Thursday, 17 January 2008

When world looks round

My new quest after thinking about buying fish eye lens!

(Source : Wikipedia)
In photography, a fisheye lens is a wide-angle lens that takes in an extremely wide, hemispherical image. Originally developed for use in meteorology and astronomy and called "whole-sky lenses", fisheye lenses quickly became popular in general photography for their unique, distorted appearance. They are often used by photographers shooting broad landscapes to suggest the curve of the Earth. Hemispherical photography is used for various scientific purposes to study plant canopy geometry and to calculate near-ground solar radiation.
The focal lengths of fisheye lenses depend on the film format. For the popular 35 mm film format, typical focal lengths of fisheye lenses are between 8 mm and 10 mm for circular lenses, and 15-16 mm for full-frame lenses.
All the ultra-wide angle lenses suffer from some amount of distortion. While this can easily be corrected for moderately wide angles of view, rectilinear ultra-wide angle lenses with angles of view greater than 90 degrees are difficult to design. Fisheye lenses achieve extremely wide angles of view by foregoing a rectilinear image, opting instead for a special mapping (for example: equisolid angle), which gives images a characteristic convex appearance. A panorama by rotating lens or stitching images (cylindrical perspective) is not a fisheye photo.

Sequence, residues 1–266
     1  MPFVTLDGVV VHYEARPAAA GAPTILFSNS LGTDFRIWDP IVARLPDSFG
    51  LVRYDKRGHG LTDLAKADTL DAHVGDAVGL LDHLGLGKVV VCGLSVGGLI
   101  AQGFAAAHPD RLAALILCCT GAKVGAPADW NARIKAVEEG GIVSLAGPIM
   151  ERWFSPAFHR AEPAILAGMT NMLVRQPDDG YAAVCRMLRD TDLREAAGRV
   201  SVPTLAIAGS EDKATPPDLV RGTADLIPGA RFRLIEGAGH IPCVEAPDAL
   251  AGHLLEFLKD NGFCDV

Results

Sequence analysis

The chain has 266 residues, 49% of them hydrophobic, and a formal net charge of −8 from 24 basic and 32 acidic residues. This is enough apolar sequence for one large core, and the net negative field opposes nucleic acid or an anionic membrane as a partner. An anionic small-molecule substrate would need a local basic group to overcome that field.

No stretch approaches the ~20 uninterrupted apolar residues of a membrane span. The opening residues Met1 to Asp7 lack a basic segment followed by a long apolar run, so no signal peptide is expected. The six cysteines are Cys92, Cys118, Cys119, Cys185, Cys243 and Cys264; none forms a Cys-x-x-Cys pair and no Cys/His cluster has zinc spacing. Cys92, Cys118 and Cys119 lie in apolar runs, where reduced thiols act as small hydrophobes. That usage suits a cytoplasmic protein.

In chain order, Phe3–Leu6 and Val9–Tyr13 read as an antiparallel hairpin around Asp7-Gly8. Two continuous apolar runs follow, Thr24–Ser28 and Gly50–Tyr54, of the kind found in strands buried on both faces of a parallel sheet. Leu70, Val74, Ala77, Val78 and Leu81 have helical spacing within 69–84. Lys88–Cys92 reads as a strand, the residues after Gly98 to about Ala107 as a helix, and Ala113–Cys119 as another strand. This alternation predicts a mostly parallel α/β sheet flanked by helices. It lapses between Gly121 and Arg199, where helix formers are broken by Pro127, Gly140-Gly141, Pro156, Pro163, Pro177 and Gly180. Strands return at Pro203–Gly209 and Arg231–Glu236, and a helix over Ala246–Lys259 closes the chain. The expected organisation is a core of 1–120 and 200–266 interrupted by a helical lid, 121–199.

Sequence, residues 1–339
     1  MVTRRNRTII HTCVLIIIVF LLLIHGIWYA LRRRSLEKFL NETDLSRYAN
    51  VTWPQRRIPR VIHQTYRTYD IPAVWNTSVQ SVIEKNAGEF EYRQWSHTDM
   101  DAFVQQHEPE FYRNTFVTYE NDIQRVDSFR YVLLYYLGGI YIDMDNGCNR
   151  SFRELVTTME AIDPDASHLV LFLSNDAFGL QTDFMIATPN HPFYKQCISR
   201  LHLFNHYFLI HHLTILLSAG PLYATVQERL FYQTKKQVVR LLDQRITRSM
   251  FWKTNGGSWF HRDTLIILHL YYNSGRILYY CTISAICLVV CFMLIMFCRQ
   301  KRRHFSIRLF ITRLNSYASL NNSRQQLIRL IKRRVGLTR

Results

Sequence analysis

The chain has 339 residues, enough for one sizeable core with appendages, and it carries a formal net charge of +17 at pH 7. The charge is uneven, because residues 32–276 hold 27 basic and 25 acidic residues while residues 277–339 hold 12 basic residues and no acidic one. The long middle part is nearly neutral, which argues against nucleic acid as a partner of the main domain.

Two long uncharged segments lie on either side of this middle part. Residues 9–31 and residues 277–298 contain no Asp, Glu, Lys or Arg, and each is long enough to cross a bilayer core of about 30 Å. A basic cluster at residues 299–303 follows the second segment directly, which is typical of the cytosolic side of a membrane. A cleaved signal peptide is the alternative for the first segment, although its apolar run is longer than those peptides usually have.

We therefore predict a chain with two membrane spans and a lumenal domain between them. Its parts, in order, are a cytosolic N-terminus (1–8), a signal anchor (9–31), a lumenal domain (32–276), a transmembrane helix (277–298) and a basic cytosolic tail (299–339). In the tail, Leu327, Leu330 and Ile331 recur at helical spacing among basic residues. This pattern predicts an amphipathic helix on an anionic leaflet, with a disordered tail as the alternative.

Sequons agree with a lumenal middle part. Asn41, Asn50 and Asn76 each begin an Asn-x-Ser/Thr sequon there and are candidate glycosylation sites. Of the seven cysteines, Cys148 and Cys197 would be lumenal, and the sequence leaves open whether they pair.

Circular
The picture using a circular fish eye lens
The first types of fisheye lenses to be developed were "circular fisheyes" - lenses which took in a 180-degree hemisphere and projected this as a circle within the film frame. Some circular fisheyes were available in orthographic projection models for scientific applications.

Full-frame
As fisheye lenses gained popularity in general photography, camera companies began manufacturing fisheye lenses that enlarged the image circle to cover the entire 35 mm film frame. Because of this, the picture angle produced by these lenses only measures 180 degrees when measured from corner to corner. The first full-frame fisheye lens to be mass-produced was a 16 mm lens made by Nikon in the late 1960s. This is the type of fisheye most commonly used by photographers. Digital cameras with APS-sized sensors require a 10.5 mm lens to get the same effect as a 16 mm lens on a camera with an image sensor the size of a 35mm film image. [1]



Picture taken by Hendra Samudera of OneClick Photography.

I think I am going to look for it in ebay now.

No comments: